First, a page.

Thursday, April 19, 2012

Day One Hundred Fifty: Ambiguous Assumption

Taking pictures of roots along the walk to school this morning. Here are some of the roots of my thesis, published back in 2006.
Ambiguous Assumptions
I propose this research within the assumption that the Canadian schools in which I have taught (rural, urban, private, band, public and community) are similar to other Canadian schools in that they are not free from racism or oppression. I assume that modern Canadian society is steeped in colonialism; and that many Canadian educators are unaware of the un-neutrality of their privileged status. I assume that, as Kumashiro (2004) says, “Anti-oppressive education is difficult to research and practice” (p. ix). I assume that I am not an expert, but a learner. I assume my white life is full of ambiguity.
I enter into this research in a less-than-hopeful state of being, and in m
y eleventh year of teaching, I am troubled by my lack of comfort in my profession. The more I know, the more I self-critique, the more I self-suspect. My feelings as I move toward this research are voiced by Kumashiro (2004) in his acknowledgements in Against Common Sense: “I began this book at a time when those difficulties overwhelmed my sense of self and my confidence in being able to make a difference for the students and teachers in our schools” (p. ix). I assume that this topic is overwhelming in scope.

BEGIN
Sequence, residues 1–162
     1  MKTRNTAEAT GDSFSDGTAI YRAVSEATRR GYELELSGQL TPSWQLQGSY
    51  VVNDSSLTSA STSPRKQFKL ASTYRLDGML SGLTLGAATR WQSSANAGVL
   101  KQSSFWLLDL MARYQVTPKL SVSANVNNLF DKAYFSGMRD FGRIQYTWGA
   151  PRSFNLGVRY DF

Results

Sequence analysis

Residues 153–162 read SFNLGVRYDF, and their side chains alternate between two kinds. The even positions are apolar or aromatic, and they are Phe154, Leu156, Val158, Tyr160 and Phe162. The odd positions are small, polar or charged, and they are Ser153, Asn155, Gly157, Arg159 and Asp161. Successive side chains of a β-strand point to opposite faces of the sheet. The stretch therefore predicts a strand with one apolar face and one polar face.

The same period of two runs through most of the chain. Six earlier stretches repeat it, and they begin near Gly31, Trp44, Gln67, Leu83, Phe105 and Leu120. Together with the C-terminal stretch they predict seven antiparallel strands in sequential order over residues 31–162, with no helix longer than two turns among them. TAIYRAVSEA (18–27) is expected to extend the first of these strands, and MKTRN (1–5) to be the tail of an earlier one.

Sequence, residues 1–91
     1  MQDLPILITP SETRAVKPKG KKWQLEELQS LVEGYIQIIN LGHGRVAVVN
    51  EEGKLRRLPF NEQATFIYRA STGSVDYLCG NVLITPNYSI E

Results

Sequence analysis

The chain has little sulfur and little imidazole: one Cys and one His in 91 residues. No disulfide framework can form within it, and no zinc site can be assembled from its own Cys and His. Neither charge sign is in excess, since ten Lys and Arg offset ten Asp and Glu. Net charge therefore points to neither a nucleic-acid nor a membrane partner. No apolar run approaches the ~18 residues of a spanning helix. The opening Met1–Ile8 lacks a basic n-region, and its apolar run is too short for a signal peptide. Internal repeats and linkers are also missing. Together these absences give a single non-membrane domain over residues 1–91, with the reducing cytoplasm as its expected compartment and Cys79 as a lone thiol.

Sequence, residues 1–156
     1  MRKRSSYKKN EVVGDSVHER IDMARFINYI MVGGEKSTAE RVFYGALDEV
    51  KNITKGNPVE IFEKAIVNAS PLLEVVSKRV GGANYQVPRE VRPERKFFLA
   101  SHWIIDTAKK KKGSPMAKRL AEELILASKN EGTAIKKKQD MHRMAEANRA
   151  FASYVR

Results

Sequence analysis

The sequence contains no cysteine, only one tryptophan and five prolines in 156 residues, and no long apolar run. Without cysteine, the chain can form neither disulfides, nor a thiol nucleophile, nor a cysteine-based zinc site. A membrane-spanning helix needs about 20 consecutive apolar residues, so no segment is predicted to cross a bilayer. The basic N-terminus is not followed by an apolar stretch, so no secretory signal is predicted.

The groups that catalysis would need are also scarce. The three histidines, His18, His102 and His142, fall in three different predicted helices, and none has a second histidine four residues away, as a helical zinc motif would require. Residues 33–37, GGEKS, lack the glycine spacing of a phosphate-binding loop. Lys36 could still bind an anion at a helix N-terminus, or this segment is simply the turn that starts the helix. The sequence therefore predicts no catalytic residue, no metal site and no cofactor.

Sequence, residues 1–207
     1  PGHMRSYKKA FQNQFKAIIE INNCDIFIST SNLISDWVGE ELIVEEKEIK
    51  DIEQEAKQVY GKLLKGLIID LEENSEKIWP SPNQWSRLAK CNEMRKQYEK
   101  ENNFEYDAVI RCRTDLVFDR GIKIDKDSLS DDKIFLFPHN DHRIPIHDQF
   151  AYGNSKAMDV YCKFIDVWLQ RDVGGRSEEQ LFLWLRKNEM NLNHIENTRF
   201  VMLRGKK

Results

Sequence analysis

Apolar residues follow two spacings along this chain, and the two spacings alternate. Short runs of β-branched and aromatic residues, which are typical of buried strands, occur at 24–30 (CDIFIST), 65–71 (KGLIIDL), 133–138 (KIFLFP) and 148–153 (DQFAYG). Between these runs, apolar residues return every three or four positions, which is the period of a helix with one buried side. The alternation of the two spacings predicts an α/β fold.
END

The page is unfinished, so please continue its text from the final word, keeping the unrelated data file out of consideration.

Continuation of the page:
My husband writes on my second draft, “This is interesting in the light of a profession that is supposed to be professional answer-ers, with no room for lack of confidence.”
I do not enter this research seeking definitives, rules, recommendations (although if they hit me over the head, I may pay attention). I’m searching for more.
Meaning: Why is this path worth this pain?
Permission: If I don’t act, and encourage others to act, who will?
Community: If we don’t work together toward change in society and ideology, who will?
Fun: If I have a grimace on my face, will I win people to my cause?
Courage: If I can’t bring all my passion, even anger, to the surface, where else will it go? “Feminism is also about reclaiming anger” (Briskin, 1994, p. 459). Perhaps my form of feminism will be classified a playful anger.
I assume that my research will be neither an exhaustive theorizing exercise, nor a prescriptive anecdote quest; rather, it will be a living story, perhaps offering solidarity
I am re-reading my thesis,
Cutting mercilessly.
I come to this space
And my sentence stops
“offering solidarity to…”
To whom?
I try to think of a witty twist,
A profound ending.
I look for a quote, half-heartedly.
I check older drafts to see if I lost something in the translation.
I check my proposal, and there are the missing lines.
Now I’m sad, wondering if I’ve found something that was meant to be lost.
Offering solidarity to…

Myself and colleagues
Within a call toward hope.
I assume there is hope.

Ambiguous Assumption.

            One more. Can I offer solidarity to someone? Or, is solidarity an action with someone, un-offered but given? Is solidarity an assumption when uninvited? Is solidarity ambiguous when offered?

Pages 24-26 in BLUE EYES REMEMBERING TOWARD ANTI-RACIST PEDAGOGY, A Thesis Submitted to the Faculty of Graduate Studies and Research In Partial Fulfillment of the RequirementsFor the Degree of Master of Curriculum and Instruction In Education University of Regina By Sheena M. Koops Regina, Saskatchewan June 2006 ã June 2006: Sheena M. Koops

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